Roxie at her best is spirited, intense, persistent, sensitive, and so high energy. At her worst, she is anxious, slow to adapt and straight up out of control. In the middle of typing that sentence, she crawled sweetly into my lap, then knocked my very full coffee cup onto the keyboard and floor. 

This is my life every day. I never know if she will wake up happy and compliant or if the day will be one big, long fight. I don't know what she "has" or where she will go for childcare now. 

We have been to a developmental medicine clinic to see a pediatrician who specializes in behavior problems. He diagnosed her with an "unspecified anxiety disorder." We saw a licensed counselor who, after one hour of knowing my daughter, recommended medication for ADHD. I have read a lot, a lot of books.

There is so much I don't know, and I don't have a happy ending to share today. I am posting this mostly as a way to move past my shame and embarrassment. I know my husband and I are doing all the things for our kid. We are working hard and seeking out the best ways to help. Yes, her behavior still sucks a lot of the time, but we have nothing to be ashamed of. I am posting this as an explanation to everyone who sees us, whether you know us or not. I want you to understand that you might see my child watching my iPhone and eating marshmallows in the shopping cart at Wal-Mart, but what you are really seeing is a reward for not hitting anyone that day. We are taking baby steps over here. Last, I am posting this as a form of accountability for myself, as a reminder to keep my head up. I want to re-read this post in six months or a year and think, "Look how far we've come."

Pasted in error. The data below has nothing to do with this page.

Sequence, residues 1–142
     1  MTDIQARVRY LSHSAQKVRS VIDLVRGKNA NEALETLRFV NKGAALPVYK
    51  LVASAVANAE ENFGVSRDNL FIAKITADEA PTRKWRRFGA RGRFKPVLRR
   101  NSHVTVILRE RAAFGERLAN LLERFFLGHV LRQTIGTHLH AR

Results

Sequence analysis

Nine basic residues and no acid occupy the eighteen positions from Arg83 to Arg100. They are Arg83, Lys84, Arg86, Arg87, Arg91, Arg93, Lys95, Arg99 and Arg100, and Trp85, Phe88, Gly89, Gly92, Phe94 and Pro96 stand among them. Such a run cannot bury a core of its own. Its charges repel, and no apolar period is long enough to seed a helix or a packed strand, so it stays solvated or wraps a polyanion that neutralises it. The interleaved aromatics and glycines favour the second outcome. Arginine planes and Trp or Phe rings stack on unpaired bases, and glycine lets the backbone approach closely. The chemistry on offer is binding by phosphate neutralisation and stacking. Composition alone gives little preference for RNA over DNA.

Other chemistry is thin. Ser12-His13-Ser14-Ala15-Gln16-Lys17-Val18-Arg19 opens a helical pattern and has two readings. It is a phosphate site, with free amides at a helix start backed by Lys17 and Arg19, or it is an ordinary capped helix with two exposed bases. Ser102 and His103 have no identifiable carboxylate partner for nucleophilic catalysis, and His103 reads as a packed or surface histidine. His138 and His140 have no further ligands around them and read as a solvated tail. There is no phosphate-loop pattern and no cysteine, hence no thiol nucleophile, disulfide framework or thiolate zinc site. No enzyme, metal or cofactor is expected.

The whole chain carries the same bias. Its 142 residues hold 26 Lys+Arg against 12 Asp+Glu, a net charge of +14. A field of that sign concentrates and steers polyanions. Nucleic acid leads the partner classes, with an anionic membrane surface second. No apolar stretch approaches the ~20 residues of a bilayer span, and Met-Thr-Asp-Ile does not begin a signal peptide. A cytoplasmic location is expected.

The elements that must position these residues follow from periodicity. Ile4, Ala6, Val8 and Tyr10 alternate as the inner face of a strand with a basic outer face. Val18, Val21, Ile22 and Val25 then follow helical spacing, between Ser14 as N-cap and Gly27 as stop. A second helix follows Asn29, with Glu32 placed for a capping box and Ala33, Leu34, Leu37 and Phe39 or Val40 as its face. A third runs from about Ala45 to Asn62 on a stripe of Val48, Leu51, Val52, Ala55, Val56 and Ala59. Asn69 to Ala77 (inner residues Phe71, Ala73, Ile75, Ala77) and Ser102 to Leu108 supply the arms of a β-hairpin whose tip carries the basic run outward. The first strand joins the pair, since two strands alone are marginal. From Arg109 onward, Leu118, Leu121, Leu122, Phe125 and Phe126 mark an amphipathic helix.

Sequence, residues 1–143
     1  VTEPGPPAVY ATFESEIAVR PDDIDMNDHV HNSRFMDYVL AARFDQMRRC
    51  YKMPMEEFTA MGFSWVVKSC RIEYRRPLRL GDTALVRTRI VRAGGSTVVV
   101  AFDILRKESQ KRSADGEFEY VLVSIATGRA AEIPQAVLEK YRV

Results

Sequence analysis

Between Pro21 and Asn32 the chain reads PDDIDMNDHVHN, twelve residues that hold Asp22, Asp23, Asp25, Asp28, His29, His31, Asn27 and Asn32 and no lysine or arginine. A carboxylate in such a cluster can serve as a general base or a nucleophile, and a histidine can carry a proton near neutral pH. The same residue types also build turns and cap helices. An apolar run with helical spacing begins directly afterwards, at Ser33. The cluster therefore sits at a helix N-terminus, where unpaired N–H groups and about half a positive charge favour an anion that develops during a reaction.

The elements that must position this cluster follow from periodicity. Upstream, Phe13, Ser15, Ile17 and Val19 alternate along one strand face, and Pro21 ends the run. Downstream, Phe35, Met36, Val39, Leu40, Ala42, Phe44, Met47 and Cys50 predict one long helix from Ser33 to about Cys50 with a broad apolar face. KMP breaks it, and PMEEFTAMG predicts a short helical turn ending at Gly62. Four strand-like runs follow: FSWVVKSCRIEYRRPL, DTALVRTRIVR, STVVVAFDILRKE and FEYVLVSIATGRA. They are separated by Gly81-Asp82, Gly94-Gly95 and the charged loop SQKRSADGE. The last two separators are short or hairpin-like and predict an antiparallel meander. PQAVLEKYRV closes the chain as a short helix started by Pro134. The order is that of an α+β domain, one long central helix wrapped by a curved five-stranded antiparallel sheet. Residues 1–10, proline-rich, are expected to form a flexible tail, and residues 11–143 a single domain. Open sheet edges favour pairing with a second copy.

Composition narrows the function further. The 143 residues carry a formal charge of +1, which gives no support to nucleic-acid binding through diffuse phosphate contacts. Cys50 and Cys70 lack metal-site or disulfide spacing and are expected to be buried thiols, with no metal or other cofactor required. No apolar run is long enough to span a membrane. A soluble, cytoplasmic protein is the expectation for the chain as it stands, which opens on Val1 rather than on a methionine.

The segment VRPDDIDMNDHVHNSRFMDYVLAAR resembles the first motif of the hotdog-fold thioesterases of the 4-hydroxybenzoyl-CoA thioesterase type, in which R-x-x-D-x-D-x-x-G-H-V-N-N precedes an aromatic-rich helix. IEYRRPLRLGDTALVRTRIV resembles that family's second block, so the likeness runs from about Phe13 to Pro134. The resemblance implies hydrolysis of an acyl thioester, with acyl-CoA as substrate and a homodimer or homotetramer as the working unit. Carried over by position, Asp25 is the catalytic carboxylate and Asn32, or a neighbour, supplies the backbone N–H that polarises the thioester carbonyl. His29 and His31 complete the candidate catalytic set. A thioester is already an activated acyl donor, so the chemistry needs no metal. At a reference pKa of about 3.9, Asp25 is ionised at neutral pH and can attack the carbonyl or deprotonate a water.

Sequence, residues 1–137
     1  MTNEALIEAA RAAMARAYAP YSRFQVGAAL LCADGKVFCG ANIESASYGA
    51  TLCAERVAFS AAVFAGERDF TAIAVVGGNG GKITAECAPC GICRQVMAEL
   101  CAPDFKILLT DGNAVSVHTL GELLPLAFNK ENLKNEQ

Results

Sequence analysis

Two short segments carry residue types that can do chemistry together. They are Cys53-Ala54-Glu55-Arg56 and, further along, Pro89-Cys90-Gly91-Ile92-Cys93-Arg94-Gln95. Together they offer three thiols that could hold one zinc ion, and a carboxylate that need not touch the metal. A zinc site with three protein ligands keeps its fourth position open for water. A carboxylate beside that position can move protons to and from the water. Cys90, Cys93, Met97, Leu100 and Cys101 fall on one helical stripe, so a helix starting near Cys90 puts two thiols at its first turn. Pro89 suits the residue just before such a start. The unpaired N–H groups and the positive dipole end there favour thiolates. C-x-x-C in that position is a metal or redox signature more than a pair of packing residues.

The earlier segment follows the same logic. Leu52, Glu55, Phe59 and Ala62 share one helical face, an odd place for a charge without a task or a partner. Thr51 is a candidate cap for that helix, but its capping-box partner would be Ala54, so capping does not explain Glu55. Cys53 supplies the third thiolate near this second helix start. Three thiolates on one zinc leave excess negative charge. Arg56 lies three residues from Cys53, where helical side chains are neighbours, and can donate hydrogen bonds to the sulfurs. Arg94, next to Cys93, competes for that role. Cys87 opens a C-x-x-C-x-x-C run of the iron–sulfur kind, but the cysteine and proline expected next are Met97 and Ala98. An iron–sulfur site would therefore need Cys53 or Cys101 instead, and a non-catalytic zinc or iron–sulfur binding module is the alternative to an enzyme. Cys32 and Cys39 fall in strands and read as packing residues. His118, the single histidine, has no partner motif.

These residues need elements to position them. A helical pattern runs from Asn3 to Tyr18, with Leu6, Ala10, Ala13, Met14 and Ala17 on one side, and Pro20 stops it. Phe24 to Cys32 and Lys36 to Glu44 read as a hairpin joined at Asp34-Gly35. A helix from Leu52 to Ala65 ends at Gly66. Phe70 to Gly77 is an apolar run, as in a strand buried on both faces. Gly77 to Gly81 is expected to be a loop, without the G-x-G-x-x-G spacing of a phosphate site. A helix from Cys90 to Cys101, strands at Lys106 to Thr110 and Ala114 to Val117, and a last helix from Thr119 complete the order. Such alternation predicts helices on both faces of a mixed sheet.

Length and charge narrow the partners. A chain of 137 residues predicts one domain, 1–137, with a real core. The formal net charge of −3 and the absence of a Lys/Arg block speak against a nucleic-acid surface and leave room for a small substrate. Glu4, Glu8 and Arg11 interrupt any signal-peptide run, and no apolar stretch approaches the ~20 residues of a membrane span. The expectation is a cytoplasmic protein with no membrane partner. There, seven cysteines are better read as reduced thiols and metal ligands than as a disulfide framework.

13 comments:

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  2. Just know you are not alone just brave enough to admit it. My mom went through the same thing with my brother when he was a child. He was so hard to handle at times that even family members uninvited us to family events. Back then no one talked about and always blamed the parent. It hit my mom hard because she was a single mom of three trying to survive. I write this to tell you that never count yourself short and remember God never gives us something that he doesn't think we can handle. Also there is always a rainbow at the end of the storm. My brother grew up to be a very respected man in our community and also a leader in my very large family.
    Thank you for sharing your story, I hope it helps lots of mom's going through the same thing.

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    1. Thanks, Nicki. That's why I wanted to just get my feelings out. Sometimes I feel the judgment like your mom must've-that I'm not doing it right or I'm not doing enough, and that just is not the truth. People need to give all the mommas a break!